At least one question was pertinent to the current cost of living question. The presenter asked if they agreed with a 5% increase for all public sector workers. Not even that offer, which would be a wage cut of 5% given inflation, was supported by any of the candidates. They all hid behind the various public sector pay boards that have to advise the government on salaries.
At the same time, they made ludicrous claims to be on the side of these workers. The justifications for this claim were quite amusing. Badenoch vaguely said she was involved in settling one historic dispute. Mordaunt told us she was a Portsmouth MP which sort of automatically qualified her to be the workers’ friend since she defined the town as a working class stronghold. Tugendhat (‘you do know I was in the military and in the front line’) said he would sort it out because he had been an officer and he knew how to get the trust of his soldiers. Maybe someone should tell him that nurses and rail workers are not under military discipline.
When it came to a straight question about whether they would stick to the government’s net zero commitment by 2050 the responses were revealing. Remember most specialists think 2050 is too late but even here every candidate qualified a vague acceptance with massive caveats about not affecting the economy or ‘clobbering’ people. None of them came up with any realistic measures that are needed to deal with the climate emergency just when we are heading for new record summer temperatures. At least Bedenoch was honest enough to say she was not necessarily committed to it. Her programme is even too extreme for the hard line Brexiteers who now lined up behind Truss.
No candidate raised their hands when asked if good old Boris would be welcome in their cabinet. Johnson’s hold on other MPs has obviously melted away. Although Mordaunt wanted it both ways by exclaiming in the silence that he had ‘got Brexit done’. Perhaps she thinks it will play well among the members if she gets through.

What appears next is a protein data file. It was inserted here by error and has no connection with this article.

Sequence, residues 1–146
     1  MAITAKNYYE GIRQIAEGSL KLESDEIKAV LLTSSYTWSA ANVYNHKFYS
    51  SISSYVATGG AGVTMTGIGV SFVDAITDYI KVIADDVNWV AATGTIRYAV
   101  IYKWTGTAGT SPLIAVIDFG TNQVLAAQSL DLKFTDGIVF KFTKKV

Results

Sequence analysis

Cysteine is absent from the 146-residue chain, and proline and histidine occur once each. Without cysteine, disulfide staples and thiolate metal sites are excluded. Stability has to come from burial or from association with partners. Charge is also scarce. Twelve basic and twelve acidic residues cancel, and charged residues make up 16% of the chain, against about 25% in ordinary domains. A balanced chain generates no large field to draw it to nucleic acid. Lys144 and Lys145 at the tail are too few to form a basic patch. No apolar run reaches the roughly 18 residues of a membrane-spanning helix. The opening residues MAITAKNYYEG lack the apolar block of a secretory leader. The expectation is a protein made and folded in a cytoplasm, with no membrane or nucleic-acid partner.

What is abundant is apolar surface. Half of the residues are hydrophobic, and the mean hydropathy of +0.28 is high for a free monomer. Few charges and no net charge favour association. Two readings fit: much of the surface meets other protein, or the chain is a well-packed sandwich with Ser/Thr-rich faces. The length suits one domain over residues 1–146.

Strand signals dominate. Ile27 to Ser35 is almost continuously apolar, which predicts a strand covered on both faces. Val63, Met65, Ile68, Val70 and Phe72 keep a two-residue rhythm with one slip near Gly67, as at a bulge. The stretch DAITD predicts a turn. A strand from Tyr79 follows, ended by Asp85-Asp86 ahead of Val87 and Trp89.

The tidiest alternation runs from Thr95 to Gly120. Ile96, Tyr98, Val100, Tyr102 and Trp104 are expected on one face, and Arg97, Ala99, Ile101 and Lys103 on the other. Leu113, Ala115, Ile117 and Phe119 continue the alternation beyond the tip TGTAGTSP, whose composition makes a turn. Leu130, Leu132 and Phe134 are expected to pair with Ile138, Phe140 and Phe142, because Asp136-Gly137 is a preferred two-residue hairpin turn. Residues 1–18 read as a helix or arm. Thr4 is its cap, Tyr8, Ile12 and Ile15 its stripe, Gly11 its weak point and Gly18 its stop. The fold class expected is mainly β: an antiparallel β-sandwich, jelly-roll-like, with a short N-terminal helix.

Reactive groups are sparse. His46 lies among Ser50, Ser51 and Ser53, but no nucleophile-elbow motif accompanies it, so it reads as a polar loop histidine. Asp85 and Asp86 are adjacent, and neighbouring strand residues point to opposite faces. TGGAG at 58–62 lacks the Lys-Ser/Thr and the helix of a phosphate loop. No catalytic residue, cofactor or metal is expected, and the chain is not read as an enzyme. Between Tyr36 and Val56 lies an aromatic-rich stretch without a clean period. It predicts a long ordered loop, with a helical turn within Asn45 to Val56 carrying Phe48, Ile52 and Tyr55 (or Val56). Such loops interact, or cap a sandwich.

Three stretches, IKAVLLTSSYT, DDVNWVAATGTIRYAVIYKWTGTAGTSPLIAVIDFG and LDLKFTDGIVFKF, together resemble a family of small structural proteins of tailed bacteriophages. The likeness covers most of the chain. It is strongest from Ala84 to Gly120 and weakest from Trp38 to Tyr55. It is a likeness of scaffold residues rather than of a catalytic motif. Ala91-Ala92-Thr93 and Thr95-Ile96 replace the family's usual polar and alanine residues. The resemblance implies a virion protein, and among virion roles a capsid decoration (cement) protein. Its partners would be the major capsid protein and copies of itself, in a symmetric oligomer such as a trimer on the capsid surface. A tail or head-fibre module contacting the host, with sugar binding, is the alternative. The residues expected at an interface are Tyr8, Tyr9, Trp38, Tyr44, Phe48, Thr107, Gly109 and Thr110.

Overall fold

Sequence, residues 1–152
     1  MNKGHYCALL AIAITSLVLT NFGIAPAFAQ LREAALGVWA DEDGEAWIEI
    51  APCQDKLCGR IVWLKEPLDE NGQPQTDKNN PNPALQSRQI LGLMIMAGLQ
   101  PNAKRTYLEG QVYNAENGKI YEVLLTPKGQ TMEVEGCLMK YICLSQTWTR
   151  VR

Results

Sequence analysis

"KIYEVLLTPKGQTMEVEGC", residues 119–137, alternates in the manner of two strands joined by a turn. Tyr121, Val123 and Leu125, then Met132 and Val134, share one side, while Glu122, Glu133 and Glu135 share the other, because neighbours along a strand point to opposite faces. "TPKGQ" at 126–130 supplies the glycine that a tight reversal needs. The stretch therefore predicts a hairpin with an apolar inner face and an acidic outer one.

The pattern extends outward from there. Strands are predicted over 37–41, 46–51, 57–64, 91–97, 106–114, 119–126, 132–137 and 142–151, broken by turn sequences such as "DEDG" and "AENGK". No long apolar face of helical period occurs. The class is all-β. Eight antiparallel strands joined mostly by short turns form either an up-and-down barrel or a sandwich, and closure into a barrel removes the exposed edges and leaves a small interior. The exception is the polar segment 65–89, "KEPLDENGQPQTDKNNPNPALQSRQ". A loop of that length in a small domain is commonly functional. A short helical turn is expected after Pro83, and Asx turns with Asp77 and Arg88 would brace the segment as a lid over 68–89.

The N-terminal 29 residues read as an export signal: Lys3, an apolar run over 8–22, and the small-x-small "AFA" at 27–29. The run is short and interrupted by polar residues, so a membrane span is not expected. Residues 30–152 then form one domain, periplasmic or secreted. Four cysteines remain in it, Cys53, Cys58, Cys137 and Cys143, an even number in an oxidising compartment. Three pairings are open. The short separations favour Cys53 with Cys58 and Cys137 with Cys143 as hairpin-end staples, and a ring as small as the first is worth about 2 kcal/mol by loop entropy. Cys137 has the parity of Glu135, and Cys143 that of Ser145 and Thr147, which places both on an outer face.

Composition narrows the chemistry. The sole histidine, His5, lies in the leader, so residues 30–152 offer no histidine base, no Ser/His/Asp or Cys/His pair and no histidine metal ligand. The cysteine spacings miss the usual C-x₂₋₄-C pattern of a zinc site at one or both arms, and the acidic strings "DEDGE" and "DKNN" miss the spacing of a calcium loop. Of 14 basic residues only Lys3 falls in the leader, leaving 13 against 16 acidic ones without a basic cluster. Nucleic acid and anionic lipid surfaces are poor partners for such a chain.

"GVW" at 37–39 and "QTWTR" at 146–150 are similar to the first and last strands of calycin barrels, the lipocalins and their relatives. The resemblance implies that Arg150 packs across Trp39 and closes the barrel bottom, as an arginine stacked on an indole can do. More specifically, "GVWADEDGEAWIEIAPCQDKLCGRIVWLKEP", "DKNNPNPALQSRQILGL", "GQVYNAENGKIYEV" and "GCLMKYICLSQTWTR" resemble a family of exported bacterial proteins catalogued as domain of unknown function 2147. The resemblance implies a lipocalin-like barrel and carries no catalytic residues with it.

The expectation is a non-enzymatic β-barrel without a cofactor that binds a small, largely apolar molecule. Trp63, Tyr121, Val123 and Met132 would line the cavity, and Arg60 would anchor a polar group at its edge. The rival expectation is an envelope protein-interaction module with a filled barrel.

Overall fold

Clearly, Sunak is seen as the front runner and when offered to question another candidate most chose him. He looks nailed on as one of the final two. The problem for the ‘spartans’, led by hard-right Steve Baker, is that the rightwing candidates are divided and there are real presentational problems with someone like Liz Truss. Although the latter thinks that mimicking Margaret Thatcher at every turn – the headscarf, the tank, the pussycat bow and a certain gleam in her eyes – will bring her victory, there is growing despair among the hard right that she would be as useless as Teresa May in an election campaign.
Surveys of Tory members suggest Truss or Mordaunt would both beat Sunak. This reflects the Ukipisation of the party but Sunak has backing from some of the more serious Tory press and is the candidate of the key business interests who prefer austerity and sound money to any reckless levelling up spending. Indeed the levelling up rhetoric seems entirely absent from the mouths of all candidates. The Tory members though will be weighing up who can beat Starmer and Labour and after another four weeks of hustings, Sunak’s edge in communication and competence could tell. If I were Sunak I would try to manipulate the vote by telling any surplus support to vote for Truss to eliminate Mordaunt. The latter’s surge seems to have stalled a bit under the relentless attacks of the Truss/Baker/Braverman people.
Even if Sunak were to win the prize he will still have a mountain to climb to restore Tory support and credibility. However, against Sunak, Starmer’s line of managerial competence and moderation may be a lot less effective. Despite the difficulty of actually determining the Labour manifesto, the left inside and outside Labour should be fighting for policies that can really deal with the cost of living crisis for working people such as the public ownership of all utilities and a massive investment in a redistributive green transition. Supporting and extending the ongoing strikes could well help in mobilising the labour movement to fight for Labour to take on more radical policies.